Updated

Next week marks the unofficial start of the presidential primary campaigns, what will be a breakneck pace of fund-raising and politicking at least until January (not that it hasn’t gone on already).

There’s already been much speculation of how seriously Barack Obama’s campaign will challenge Hillary Clinton, especially when it comes to Obama’s "experience" issue.

On Saturday, before a hip crowd at Falcon Restaurant, Obama’s new California Campaign director Mitchell Schwartz perhaps offered a preview of harsh rhetoric to come when he "took the gloves off" and focused on Clinton’s experience. He cited her stint in the late 1980s on the Wal Mart board of directors, "While they perfected the art of denying health care and retirement benefits for their workers."

Schwartz continued, "In the 1990s, she headed the health care task force. She couldn’t get anything through a Democratically controlled Congress. We had all of Congress and not one piece of legislation got through. Now there are more uniusured Americans that ever. Because of that debacle, we lost Congress, and I was there. I was working for the Clinton administration at the time. We lost Congress, there were a bunch of investigations, it led to impeachment and we wasted the last bunch of years of the Clinton administration. Now let’s go to this decade. She voted to authorize the war in October of 2002. She didn’t read the National Intelligence Estimate. This was something that was available to all 100 senators. And in fact it was so important that Bob Graham, who was the chairman of the intelligence committee then, he’s a conservative Democrat, he read the report… and it convinced him to vote against it. She didn’t bother reading it."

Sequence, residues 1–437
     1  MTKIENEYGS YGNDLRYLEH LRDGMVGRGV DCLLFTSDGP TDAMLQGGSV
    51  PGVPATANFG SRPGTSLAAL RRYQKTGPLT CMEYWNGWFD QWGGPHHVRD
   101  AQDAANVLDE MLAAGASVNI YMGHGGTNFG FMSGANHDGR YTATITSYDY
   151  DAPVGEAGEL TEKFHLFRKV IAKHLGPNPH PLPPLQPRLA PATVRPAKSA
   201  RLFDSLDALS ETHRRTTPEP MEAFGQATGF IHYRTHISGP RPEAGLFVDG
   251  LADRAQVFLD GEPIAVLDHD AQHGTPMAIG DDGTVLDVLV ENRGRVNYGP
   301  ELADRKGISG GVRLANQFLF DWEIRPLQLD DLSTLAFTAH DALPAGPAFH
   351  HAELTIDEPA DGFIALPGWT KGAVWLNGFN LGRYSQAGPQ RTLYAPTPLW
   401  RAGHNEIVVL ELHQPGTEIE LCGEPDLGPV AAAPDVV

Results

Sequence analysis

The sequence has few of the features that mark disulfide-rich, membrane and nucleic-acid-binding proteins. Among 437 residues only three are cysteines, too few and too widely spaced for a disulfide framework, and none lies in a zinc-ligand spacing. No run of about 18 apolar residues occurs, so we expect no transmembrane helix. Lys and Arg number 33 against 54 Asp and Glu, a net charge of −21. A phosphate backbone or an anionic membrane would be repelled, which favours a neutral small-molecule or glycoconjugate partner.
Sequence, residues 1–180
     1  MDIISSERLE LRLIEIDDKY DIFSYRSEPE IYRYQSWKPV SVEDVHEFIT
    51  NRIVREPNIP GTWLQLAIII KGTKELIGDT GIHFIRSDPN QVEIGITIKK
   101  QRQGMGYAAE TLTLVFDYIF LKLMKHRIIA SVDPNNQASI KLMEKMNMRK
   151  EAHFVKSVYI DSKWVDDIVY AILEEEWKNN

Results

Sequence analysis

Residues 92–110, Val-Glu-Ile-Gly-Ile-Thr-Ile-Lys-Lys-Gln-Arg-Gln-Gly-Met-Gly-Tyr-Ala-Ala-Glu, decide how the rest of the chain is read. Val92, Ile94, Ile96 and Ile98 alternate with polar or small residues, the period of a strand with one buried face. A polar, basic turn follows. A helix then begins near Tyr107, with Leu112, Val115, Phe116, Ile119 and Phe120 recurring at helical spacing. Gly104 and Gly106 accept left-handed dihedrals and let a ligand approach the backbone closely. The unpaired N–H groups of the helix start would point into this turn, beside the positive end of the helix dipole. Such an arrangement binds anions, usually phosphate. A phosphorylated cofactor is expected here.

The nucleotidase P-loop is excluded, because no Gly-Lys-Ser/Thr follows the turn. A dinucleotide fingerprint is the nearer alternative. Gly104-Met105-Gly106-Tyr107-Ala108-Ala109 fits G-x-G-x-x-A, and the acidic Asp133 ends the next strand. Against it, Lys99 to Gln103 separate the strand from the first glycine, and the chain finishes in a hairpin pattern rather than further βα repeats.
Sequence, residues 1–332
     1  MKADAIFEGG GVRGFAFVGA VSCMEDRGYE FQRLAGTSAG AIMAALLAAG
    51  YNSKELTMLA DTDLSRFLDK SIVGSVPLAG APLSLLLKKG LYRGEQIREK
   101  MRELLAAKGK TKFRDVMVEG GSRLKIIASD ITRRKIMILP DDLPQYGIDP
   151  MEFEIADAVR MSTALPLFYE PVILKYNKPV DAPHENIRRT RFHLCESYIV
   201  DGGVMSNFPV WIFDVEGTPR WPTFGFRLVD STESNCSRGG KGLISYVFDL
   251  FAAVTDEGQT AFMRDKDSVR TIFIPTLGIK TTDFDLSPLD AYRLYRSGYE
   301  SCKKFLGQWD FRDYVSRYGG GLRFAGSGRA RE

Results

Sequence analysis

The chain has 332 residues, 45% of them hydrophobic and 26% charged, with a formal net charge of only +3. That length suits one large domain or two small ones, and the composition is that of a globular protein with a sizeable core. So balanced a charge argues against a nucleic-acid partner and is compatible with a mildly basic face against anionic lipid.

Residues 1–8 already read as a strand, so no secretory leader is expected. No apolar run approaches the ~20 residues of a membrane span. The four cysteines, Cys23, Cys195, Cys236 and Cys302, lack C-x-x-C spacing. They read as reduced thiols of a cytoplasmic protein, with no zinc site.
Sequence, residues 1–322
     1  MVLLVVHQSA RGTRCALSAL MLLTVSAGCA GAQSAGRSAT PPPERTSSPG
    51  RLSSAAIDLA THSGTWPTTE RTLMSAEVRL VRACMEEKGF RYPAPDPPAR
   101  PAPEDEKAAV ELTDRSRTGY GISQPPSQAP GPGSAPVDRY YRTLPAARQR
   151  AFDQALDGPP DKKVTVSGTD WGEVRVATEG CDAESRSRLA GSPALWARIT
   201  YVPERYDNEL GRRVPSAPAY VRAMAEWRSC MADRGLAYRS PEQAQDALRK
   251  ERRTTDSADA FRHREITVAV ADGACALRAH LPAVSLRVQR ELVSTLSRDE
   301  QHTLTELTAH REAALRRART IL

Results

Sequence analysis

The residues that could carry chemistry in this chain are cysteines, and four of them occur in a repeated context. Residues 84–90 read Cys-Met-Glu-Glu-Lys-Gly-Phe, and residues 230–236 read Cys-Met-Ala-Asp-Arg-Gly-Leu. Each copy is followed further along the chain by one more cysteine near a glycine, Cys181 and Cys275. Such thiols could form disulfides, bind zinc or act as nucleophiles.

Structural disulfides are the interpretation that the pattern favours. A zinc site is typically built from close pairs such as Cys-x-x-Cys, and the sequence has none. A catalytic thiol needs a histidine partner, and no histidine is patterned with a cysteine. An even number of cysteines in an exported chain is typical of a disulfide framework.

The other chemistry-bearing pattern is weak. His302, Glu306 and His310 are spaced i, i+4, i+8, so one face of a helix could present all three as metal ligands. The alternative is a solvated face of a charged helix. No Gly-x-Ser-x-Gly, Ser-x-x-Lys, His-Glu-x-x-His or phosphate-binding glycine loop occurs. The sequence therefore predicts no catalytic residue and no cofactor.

He added, "Experience without judgment leads to Donald Rumsfeld and Dick Cheney."

Schwartz then noted, "Barack Obama, when he takes office in 2009 will be older than JFK and older than Bill Clinton (at their inaugurals). He will have served in government for more time than Hillary Clinton and John Edwards."

Many in the crowd were young industry professionals, part of a new fund-raising and organizing group called Generation Obama. Saturday marked the kickoff of such groups across the country.

Clinton’s California spokesperson, Luis Vizcaino, had this response: "Senator Obama says he wants to change politics but attacking other Democrats in the face of falling poll numbers screams status quo. The reality is that Senator Clinton has been a change advocate for over 35 years and has the strength and experience to make change happen starting on day one of her presidency."

More photos from the event at 008 the Movement.

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